The Art Of The Sandblast

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Published in Pipes & Tobaccos- Winter 2000. This version is unedited. Used by permission.

THE ART OF THE SANDBLAST. Another in an infrequent series of articles concerning THE BRIAR PIPE, By R. D. Field

Main Entry: 1sand·blast

Pronunciation: -"blast

Function: noun

Date: 1871

a stream of sand projected by compressed air (as for engraving, cutting, or cleaning glass or stone)

Main Entry: 2sandblast

Function: transitive verb

Date: 1888

to affect or treat with or as if with a sandblast

- sand·blast·er noun

So there it is- sandblasting was meant for engraving stuff or cleaning stuff. If machinery got so dirty, so gunky that it couldn’t be cleaned in any other way it was sandblasted clean. Building façades too. After years of road grime, exhaust fumes, dust turned a building façade black it could look like original after being shot with tiny particles.

So how was this applied to wood, specifically wood smoking pipes? Who thought of it? And why?

I think we’ve got to look at Alfred Dunhill. This gent was really one hell of an inventor- and marketer. He seemed to constantly try to produce stuff that no one else had thought of, and he certainly had successes. I’m sure he had a lot of failures too, but they’re buried somewhere. And even some of his successes might have really been failures, but no one knew so at the time.

When Dunhill ran an accessories and harness leather shop for coaches, wagons and motor cars he invented a “windshield” pipe- that is a pipe where the bowl was higher in front than in back. The idea was to stop the wind from blowing sparks about from the lighted pipe. I’m sure the pipe worked in a completely open vehicle, but they didn’t have wind-tunnel testing in those days- you know, like on TV where you can see the air as it moves around a car. So I’m betting that it didn’t work all that well once those open cars were made with windshields. I’m only talking from personal experience here, but when I ride in my open car or my H-D police bike (which has a windshield) I get the same effect- the air goes up over the windshield and over the front of me- and curves around to hit me from behind. I’m betting that if I had a lighted pipe in my mouth sparks would fly, but from back to front rather than front to back.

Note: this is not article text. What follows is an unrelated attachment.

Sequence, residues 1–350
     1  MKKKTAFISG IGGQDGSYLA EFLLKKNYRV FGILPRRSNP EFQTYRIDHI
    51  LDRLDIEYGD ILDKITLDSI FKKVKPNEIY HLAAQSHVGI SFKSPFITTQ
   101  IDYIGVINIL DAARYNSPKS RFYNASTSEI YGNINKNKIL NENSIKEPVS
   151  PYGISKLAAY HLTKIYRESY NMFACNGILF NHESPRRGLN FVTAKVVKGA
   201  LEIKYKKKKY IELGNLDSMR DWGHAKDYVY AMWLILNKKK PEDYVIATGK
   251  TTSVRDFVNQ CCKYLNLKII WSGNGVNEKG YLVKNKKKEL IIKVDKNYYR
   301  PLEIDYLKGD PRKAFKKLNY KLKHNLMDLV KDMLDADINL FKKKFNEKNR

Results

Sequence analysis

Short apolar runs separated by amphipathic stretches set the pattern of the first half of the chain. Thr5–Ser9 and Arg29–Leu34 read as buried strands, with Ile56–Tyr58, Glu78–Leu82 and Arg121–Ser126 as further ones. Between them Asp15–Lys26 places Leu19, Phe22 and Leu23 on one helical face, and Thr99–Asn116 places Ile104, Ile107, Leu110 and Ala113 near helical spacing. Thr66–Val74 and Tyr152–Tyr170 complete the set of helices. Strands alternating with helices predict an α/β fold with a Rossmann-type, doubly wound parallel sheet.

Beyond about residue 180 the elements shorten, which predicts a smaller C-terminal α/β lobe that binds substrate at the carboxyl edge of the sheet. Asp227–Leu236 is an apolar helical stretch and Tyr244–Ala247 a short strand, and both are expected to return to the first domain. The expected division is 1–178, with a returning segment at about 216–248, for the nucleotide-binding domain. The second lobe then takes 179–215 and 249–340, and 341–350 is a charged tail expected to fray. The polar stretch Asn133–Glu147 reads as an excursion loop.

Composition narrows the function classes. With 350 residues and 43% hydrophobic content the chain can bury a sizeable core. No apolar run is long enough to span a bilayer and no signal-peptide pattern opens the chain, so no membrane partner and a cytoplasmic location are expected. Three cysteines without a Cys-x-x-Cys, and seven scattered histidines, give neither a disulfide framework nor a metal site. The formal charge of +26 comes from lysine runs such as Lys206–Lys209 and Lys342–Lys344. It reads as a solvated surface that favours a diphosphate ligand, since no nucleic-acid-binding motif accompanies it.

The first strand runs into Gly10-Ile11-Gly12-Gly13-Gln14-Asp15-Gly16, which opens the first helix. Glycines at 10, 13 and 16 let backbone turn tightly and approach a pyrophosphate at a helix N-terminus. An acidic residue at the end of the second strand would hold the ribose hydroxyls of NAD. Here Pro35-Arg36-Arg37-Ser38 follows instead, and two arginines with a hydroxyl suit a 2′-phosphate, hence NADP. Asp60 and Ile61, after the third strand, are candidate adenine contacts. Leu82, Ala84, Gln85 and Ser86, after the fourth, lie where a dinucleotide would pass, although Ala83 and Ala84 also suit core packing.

What possessed Dunhill to try an engraving and cleaning treatment on wood? I’d love to know- to follow his thought process. An old story goes that some briar was left by the heating boiler for a time and when Dunhill saw it he found that some of the grain had "shrunk" leaving a “relief” pattern on the wood. I don’t buy that story for a second, except that it makes for good marketing. And even if it was true why wouldn’t pipe bowls be left next to little heaters so the grain could be brought into relief. No- that won’t do. I can understand that he didn’t want to say: “I use a powerful industrial process noted for taking crud off metal.” Far better to romance the process as “…a combination of heat and sand”. From nature… sort of like being lulled to sleep by the surf as you lie on a sunny beach.

No matter that the process was industrial- it worked. It left the pipe bowl in beautiful, hard-grained relief. Or is it soft-grained relief? I’ve had arguments with folks- down and out kicking and screaming arguments about what part of the wood is actually left in relief. Dunhill maintained it to be the hard grain- but this may be marketing (who wants to think that they are left with the soft part of the wood to use as a chamber for fire). I think it’s the hard grain because- well, because it’s harder. My opponents swear it’s the soft grain but I don’t remember the reasons they gave- although they were convincing at the time.

As far as I am aware Dunhill was the first to sandblast briar smoking pipes. And I deduced that they (the Dunhill pipe factory at Notting Hill Gate) didn’t really know what the heck they were doing at first. If you look at the old Dunhill catalogs you’ll see page after page of pipe shapes in bruyere (smooth finish) each with its assigned model number or letter i.e. 59 (billiard), 137 (dublin) etc. When you come to the sandblasted (shell) pipes there are no model numbers (or letters)- only “example III” or “example X”. Why? The photos show shapes that look like traditional shapes, but they are so misshapen, so out-of-round that they were not assigned the traditional model designations. Neat, eh? I mean I love this type of pipe. It’s got character. But it doesn’t have real symmetry, and I guess this worried some of the boys who put the pipes on sale. They didn’t want to chance customers coming back to them saying things like “my Shell #59 doesn’t look at all like my Bruyere #59 and I want an exchange”.

In the meantime the geezers who did the sandblasting became more adept at what they were doing; as a result bowls were less misshapen and more identifiable . Lest we forget- these were craftsmen, not folks pulled in off the street and put in front of a machine. They had pride in their work and were eager to deliver what the market desired. So I suppose that if folks really desired radically misshapen bowls they would have delivered such. That they didn’t shows other forces at work.